Dyker Heights tragedy heightens focus on unsafe streets
6-year-old girl killed by car on 67th Street, driver arrested
A 30-year-old man has been charged in the death of a 6-year-old girl who was run down on a Dyker Heights street on Aug. 24 — an accident that prompted sadness and outrage both in the neighborhood and in the city as a whole.
Cops said Qiuhua Zhu, a Sunset Park resident, was driving a 2017 Lexus GX460 on 12th Avenue at 8 p.m. when he crossed into oncoming traffic. He then drove south, made a left turn on 67th Street and hit Hiromi Tamy as she crossed east with the pedestrian signal in her favor.
Tamy was pronounced dead at Maimonides Medical Center.
Zhu remained at the scene during an investigation by the NYPD Highway District’s Collision Investigation Squad. He was arrested and charged with criminally negligent homicide, vehicular assault, reckless endangerment, motor vehicle failure to yield to a pedestrian, failure to obey traffic device, driving in the wrong direction on a one-way street and improper left turn on a one-way road.
State Sen, Andrew Gounardes and Councilmember Justin Brannan, both of whom represent the neighborhood, released a joint statement expressing their sadness on the death of the girl.
“Unfortunately, Hiromi’s loss serves as yet another reminder that we must take measures to protect New Yorkers from the epidemic of traffic violence in our city, and meet this occasion head-on by advancing meaningful legislation to address these preventable public health crises,” the statement read. “This out-of-control SUV driver failed to obey a traffic device, drove the wrong direction on a one-way, and made an improper left turn. We can’t afford to give these perpetrators a pass, which is why we need to reform the way we hold reckless drivers who kill or injure others fully accountable.”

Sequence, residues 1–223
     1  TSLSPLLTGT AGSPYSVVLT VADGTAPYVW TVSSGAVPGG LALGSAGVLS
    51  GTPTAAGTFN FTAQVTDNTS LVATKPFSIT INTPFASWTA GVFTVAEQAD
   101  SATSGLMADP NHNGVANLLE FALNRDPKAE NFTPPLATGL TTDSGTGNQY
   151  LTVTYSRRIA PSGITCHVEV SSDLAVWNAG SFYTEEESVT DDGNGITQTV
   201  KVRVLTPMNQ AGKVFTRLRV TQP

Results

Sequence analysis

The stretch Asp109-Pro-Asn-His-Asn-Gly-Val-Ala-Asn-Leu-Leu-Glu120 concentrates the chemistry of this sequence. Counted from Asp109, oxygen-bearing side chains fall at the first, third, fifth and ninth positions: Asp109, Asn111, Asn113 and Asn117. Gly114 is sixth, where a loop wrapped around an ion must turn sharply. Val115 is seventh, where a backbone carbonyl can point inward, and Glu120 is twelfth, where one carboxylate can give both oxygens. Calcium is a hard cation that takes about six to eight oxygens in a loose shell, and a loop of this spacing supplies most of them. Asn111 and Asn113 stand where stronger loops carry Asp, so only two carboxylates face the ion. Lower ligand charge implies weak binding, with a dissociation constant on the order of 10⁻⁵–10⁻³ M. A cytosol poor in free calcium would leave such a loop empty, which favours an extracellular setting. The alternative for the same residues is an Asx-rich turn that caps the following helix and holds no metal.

They added that there must be lower speed limits that meet particular neighborhoods’ safety needs, and urged legislators to pass legislation such as the Crash Victim Rights and Safety Act.
The act, which actually is a package of eight bills in Albany, would take aggressive action against dangerous driving and would support the families of crash victims.
“We run the risk of facing similar tragedies again,” they added.
Dana Lerner, a member of Families for Safe Streets, a group of New Yorkers who have come together after losing loved ones or being injured in traffic crashes, also discussed the situation.
Her son was killed in a crosswalk by a taxi driver who failed to yield.
“We need Mayor de Blasio and our future mayor to fulfill the promises of Vision Zero,” she said. “Police enforcement will not get New York City to Vision Zero.”
She added that opening streets to people, scaling proven safety measures across every corner of our city, and prioritizing human life over driver’s convenience, is the solution to safer streets.
As for de Blasio himself, he issued a statement saying, “I feel horrible that another family is suffering. And so much of this comes down to changing the whole mindset around cars. This is what we’ve been doing for eight years with Vision Zero, and we all have to do a lot more. People need to use the cars less, people need to drive more carefully.”
Streetsblog, a blog dedicated to street safety and sustainable transportation, said, quoting Department of Transportation statistics, that “as of July 19, at least 137 people have died because of motorists on city streets so far this year. It’s the most fatalities since 2013, when 135 died in traffic violence over the same time period.”
—Additional material by Raanan Geberer
Note: Story has been updated with additional information.
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